We put the Talent in Applications

  • Authors

  • Blog Stats

    • 581,715 hits
  • Topics

  • Archives

  • Fistful of Talent Top Talent Management blogs
    Alltop, all the top stories

Posts Tagged ‘potential’

Secrets of a successful talent review – part 2

Posted by Justin Field on January 14, 2010

In my last post, I wrote about performance calibration as being one of the secrets of success for talent reviews.  But performance isn’t the only dimension of top talent.  The other dimension we look at is potential.  Now with performance, it’s well understood by most managers and executives, and we can place some measures around performance, to make it easier to pick the appropriate performance rating for an employee.

With potential, it’s so much harder.  We often get asked, what is this thing called potential?  And what does it mean?  Potential for what?  So we’ve tried to invest more time in educating managers and executives about our definition of potential and what it means.

In the talent review, we quickly found that some managers really get the idea of potential and how it can be applied to their business.  They understand that they have to build and grow the next generation of leaders.  They understand that most of the time it’s better to build and grow internally; and that only some of the time it’s better to buy talent externally — and really great leaders have the ability to distinguish between these two situations.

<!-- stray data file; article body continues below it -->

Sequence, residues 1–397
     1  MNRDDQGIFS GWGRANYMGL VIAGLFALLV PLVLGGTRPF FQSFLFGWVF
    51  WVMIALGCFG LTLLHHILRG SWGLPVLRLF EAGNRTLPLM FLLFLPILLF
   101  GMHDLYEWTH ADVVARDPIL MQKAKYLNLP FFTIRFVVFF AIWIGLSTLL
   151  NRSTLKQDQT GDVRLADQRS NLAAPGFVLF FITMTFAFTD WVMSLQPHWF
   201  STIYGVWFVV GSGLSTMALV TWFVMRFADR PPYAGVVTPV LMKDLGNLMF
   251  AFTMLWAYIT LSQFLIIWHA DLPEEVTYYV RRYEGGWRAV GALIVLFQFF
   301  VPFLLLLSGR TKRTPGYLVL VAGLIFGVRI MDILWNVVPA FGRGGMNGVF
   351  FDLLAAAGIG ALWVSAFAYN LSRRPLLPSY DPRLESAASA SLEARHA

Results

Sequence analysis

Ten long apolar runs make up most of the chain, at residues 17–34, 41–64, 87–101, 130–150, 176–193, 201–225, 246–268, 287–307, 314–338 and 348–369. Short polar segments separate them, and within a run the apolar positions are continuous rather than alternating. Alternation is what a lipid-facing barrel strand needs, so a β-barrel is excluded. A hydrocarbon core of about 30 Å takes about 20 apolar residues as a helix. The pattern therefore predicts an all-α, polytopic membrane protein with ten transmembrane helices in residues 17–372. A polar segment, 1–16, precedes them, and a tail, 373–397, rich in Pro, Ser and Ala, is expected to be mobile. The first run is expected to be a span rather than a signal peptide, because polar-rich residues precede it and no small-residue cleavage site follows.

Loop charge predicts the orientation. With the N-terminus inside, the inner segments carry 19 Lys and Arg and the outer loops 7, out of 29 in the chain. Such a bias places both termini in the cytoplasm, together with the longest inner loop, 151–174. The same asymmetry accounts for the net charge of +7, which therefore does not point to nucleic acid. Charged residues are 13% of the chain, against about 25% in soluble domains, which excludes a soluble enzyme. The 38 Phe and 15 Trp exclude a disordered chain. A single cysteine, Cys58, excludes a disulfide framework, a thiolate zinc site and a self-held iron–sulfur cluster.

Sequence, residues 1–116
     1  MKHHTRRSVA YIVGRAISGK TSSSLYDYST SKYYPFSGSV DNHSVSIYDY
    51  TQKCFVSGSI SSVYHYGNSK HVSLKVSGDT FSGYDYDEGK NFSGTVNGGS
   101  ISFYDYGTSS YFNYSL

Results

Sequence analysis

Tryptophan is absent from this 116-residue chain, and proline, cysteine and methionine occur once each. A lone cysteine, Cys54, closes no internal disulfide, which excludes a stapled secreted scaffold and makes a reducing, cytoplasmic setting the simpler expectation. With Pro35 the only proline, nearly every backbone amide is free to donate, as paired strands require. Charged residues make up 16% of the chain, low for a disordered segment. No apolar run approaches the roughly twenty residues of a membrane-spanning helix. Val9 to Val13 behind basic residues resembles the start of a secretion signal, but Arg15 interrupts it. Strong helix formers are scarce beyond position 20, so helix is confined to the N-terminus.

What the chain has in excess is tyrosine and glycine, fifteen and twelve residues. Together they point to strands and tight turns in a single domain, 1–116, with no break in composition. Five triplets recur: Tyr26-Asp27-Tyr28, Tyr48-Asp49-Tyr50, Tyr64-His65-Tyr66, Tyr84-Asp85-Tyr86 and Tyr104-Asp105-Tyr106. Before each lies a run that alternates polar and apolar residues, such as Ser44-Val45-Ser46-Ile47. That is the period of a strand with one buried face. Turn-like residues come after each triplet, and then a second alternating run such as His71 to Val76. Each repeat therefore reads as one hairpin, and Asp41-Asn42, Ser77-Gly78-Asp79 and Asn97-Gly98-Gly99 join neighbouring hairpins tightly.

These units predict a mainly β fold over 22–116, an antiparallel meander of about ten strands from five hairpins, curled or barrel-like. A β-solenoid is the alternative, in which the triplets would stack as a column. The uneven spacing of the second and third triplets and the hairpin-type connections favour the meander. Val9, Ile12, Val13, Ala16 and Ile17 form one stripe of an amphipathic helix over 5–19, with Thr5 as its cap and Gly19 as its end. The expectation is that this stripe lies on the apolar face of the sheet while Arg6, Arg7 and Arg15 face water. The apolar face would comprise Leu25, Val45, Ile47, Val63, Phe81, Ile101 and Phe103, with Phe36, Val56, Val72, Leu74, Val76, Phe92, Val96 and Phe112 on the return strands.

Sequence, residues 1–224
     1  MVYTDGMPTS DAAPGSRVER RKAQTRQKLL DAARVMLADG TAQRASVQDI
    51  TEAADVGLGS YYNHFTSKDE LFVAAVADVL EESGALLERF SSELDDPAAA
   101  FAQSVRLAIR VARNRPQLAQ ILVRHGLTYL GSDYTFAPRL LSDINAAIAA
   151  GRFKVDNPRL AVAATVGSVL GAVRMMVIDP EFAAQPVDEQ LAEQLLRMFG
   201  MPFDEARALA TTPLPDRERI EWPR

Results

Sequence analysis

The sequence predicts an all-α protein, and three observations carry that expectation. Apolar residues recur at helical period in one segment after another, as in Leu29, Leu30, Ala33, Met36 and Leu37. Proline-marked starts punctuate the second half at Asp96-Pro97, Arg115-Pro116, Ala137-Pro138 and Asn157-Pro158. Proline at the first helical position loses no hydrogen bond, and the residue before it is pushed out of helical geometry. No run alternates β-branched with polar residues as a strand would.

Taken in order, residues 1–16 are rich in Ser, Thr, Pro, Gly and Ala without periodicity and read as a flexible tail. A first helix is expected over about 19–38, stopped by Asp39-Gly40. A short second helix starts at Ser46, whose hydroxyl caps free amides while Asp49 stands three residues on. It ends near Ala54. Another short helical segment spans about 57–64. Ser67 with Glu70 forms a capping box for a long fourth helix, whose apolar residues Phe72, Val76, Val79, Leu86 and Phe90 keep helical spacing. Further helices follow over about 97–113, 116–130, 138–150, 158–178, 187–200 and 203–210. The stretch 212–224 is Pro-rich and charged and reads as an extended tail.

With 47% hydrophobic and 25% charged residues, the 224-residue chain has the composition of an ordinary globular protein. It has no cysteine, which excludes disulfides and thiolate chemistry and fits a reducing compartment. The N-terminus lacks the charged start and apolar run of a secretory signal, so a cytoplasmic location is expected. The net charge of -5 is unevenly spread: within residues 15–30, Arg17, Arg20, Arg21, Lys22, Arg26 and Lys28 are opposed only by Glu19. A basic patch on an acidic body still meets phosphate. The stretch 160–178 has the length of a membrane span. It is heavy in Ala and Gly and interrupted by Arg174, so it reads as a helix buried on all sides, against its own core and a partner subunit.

On the other hand, some managers were less solid in their understanding of potential and how to apply it to their organisations.  A high performer is not necessarily top talent, unless they also have high potential.  We saw a few cases where the employee’s performance was being rewarded, rather than focusing on the high performance and high potential employees, who have the potential to go one level up or even two levels up.